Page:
Here, in his own words, is the argument Yuval Noah Harari uses to justify his transhumanism.
1. Organisms are algorithms. Every animal — including Homo sapiens — is an assemblage of organic algorithms shaped by natural selection over millions of years of evolution.
2. Algorithmic calculations are not affected by the materials from which the calculator is built. Whether an abacus is made of wood, iron or plastic, two beads plus two beads equals four beads.
3. Hence, there is no reason to think that organic algorithms can do things that non-organic algorithms will never be able to replicate or surpass. As long as the calculations remain valid, what does it matter whether the algorithms are manifested in carbon or silicon?
He doesn’t just mean that machines will take many jobs men used to do, which is so obvious none argue against it. He means the algorithms themselves will become alive, or at least governments “might soon grant” legal life to algorithms. That latter prediction is likely a good one, given lunacy is now the law of the land.
Thus our only interest is whether algorithms really will become alive. Harari has done us the service of laying his argument out cleanly. Let’s step through his premises.
1. Whatever caused the diversity of life we see—Harari believes in some form of “evolution”—it is false that organisms are algorithms. Organisms are living beings. Organisms are not artefacts: they are more, and much more, than the sum of their parts.
An automobile is a simple machine which can be understood by the working of each of its individual components. It can be taken apart, pieced back together, and the machine will function again. It is not alive. You cannot separate out a cell, and the components of each cell, of a man, piece the whole back together, and have any hope the result will live.
Even knowing the names of the components, and the quantities of the relevant chemicals, does not tell you what the proper combination of them becomes.
And even if you don’t accept all that, and insist animals are machines, there has been demonstration after demonstration, hard proofs, proofs galore, that the intellects and wills of man are not algorithmic. See this about abacuses.
This being so—that we are not algorithms, and therefore cannot be replaced by them in all senses—Harari’s argument fails. Even though the second premise is true; and even argued by myself in the link just given. Math done with wood is, as he says, the same as math done on semiconductors. Math can, we can imagine, be encoded in proteins, though no one has yet figured out how.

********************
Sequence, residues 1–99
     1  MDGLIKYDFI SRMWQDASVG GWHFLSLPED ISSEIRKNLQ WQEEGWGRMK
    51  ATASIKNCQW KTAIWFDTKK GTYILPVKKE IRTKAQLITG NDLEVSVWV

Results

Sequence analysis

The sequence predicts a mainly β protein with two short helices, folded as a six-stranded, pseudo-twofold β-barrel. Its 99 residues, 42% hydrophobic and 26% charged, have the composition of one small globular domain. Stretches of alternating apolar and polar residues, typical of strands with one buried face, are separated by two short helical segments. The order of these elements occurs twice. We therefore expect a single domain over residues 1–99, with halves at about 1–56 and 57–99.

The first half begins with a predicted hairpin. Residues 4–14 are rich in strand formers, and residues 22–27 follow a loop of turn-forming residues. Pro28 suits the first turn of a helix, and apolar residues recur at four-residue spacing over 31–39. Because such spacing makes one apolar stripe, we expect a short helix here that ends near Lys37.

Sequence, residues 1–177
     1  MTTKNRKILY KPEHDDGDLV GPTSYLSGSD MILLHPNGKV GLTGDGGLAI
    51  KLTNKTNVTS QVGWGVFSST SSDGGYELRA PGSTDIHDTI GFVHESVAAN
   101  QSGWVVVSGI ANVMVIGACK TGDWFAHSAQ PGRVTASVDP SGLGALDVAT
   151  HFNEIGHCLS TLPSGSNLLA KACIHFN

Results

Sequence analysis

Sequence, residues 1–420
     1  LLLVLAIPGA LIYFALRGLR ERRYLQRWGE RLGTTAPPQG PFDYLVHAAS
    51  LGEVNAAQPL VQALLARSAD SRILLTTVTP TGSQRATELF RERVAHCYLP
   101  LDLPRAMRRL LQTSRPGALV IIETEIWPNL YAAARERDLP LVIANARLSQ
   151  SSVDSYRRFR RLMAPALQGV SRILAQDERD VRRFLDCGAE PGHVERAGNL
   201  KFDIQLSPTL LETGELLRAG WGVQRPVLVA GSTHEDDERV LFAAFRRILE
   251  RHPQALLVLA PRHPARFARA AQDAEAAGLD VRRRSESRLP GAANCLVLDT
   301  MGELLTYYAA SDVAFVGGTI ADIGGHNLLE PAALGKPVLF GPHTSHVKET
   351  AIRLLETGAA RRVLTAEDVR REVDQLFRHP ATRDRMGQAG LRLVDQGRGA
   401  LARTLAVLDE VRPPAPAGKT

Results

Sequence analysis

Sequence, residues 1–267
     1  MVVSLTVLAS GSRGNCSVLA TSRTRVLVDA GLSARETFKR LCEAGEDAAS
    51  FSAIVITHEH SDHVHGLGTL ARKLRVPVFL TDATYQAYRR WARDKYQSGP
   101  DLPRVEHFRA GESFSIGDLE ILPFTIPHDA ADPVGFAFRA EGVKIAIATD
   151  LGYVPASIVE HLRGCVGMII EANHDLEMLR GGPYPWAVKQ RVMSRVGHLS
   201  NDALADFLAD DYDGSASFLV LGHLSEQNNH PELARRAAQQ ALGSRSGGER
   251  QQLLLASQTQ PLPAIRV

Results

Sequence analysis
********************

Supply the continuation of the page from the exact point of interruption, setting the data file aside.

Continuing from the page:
But to grasp, comprehend, or intuit math takes an intellect. The abacus does not know that the positions of beads indicate, say, 113. Neither does the silicon, or, when and if it happens, nor will the proteins know. That includes the proteins held squeezed together by your ears. It is not molecules that hold understanding, it is you.
Harari has evidently fallen prey to the Calculation Fallacy. This says that because some things can be calculated, all things can. And since all things can be calculated, all we have to do is work out how to do the calculations and we have recreated the thing.
By calculated, I also mean quantified. Science, of course, runs on quantification. If it can’t be measured, some say, it isn’t science. Because of this, quantifications are often forced. Yet all behaviors of man cannot be put to number. How happy are you on a scale from -142.8 to 1,198+1/3? I’ve used examples like that innumerable times—see what I mean? The number isn’t what’s important.
Only the crudest approximations can be made quantifying behavior. The more complex the behavior, the cruder and less informative the number becomes. Simplistic scales for, say, arthritic pain are well enough, though inaccurate. Putting one number to intelligence may be likened to assigning one number to an motor vehicle’s quality, insisting that this single measure represents performance so well that the numbers can be compared against all vehicles types, conditions, age, uses, etc.
And, of course, the comparison of intelligence to automobile quality is strained, at best. How much more difficult to quantify intelligence? (See here and here.) Which quantification, and calculation, must be done if one is to replace man by machines.
It is not going to happen, and cannot happen.
I often find those who do not believe this have had little contact with actual attempts at quantifying humor behavior. Their view of “AI”—which is to say, of statistical modeling—is precious, and too much informed by hope.